[Detroit=The Michigan Korean Weekly] Aaron Foley = The momentum around Detroit’s slow-but-steady comeback has attracted throngs of new residents to the city’s downtown core and reinvestment from several firms. But while big real estate deals and large-scale moves grab headlines, smaller business owners are still taking a wait-and-see approach, particularly minority-owned firms.
Across Metro Detroit, suppliers, logistics firms, engineering offices, medical companies and other businesses are weighing their options. Hedge their bets in the suburbs or ride the waves in Detroit?
Yong Joo Lee is president of automotive supplier Kwang Jin, which counts General Motors and Chrysler as two of its biggest clients. The company’s rapid expansion and dealings in both the Americas and Lee’s home in Korea prompted the company to consider growing in Detroit.
But while headquartered in Sterling Heights, Kwang Jin eventually settled on a building in Warren for several reasons and will expand there next year, Lee says. For one, while downtown Detroit is on an upswing, the company was hesitant about other areas. And downtown Detroit doesn’t have the type of facilities – a widespread, up-to-date warehouse-type with thousands of square footage, for example – that would meet the company’s needs.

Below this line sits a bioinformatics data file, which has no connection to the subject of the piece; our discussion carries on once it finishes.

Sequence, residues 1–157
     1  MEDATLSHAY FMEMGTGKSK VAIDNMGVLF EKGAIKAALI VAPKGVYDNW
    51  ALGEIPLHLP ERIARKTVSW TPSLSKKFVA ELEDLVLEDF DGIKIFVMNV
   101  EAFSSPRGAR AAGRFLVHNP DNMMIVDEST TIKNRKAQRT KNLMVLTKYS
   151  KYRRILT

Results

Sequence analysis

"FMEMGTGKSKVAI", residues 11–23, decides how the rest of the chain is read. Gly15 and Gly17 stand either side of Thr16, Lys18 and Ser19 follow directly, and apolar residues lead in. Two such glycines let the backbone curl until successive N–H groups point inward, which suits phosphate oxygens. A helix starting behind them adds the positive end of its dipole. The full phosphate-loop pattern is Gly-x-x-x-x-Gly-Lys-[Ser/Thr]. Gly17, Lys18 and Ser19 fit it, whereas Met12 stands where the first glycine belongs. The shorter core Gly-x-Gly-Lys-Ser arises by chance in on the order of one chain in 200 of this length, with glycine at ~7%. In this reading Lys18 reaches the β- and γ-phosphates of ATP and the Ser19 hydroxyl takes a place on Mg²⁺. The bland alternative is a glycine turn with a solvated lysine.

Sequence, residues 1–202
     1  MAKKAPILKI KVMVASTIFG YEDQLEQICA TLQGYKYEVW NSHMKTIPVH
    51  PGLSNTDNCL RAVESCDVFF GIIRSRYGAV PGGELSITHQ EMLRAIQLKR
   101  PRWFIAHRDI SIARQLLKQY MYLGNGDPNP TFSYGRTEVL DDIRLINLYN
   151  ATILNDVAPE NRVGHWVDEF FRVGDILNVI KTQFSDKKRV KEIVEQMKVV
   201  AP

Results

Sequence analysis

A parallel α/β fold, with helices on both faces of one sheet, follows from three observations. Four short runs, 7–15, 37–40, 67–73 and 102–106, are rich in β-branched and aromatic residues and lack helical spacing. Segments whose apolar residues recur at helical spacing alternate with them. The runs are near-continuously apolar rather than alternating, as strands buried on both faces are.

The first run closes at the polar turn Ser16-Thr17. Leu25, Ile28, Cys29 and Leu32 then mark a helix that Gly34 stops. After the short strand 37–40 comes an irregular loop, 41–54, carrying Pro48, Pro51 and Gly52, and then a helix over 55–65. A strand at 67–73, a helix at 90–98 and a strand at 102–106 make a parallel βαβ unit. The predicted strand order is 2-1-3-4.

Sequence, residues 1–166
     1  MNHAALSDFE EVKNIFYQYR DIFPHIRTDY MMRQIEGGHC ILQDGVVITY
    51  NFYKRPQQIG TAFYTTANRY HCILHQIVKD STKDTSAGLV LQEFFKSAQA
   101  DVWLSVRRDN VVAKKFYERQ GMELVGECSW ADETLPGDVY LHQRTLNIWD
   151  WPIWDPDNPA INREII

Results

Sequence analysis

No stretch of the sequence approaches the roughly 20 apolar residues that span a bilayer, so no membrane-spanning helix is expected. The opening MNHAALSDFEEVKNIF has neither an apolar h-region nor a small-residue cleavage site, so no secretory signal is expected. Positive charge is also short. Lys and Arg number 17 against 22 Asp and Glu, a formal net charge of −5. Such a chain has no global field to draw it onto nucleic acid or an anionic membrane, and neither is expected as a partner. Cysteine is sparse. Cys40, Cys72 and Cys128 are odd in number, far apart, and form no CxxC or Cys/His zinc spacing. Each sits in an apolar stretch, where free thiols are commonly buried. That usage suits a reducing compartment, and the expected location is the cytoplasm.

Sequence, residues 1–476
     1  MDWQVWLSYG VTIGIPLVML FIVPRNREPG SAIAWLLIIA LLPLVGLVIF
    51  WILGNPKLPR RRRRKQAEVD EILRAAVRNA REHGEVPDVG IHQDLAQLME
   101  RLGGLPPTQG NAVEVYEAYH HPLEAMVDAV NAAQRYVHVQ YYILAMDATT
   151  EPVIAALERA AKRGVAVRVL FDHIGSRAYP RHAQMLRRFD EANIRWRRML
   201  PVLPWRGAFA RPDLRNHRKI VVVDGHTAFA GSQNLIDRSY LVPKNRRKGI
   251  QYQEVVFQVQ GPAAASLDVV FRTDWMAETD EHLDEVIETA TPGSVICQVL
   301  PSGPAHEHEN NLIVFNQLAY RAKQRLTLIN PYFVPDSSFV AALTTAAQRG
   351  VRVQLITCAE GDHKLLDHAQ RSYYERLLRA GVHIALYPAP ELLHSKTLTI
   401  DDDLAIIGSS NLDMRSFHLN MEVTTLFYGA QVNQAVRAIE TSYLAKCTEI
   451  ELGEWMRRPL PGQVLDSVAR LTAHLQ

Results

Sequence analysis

Another reason? Safety, Lee says. “One of the things we asked our employees was about security if we went downtown, and how many police officers are in the city of Detroit before and after the bankruptcy. It sounds like people don’t think downtown has enough resources for businesses that need security.”
Detroit’s tax on employees who commute out of the city hurts employees, too. “If they are not living in Detroit, they have to pay city tax. That’s one of the concerns of people. I don’t know why a metropolitan city does that,” Lee says.
Kwang Jin makes an effort to hire within the city, often through agencies, but many of those employees end up moving to the suburbs anyway, Lee says. “Many of the Chaldeans are going to Warren,” he notes.
Macomb County saw the highest gain in Asian-American and Pacific Islander population since 2000, rising 48.3% and nearly tying with Washtenaw County with an overall population of 25,242 residents, according to the 2010 census. Oakland County is the most densely populated, with nearly 70,000 Asian-American and Pacific Islander residents.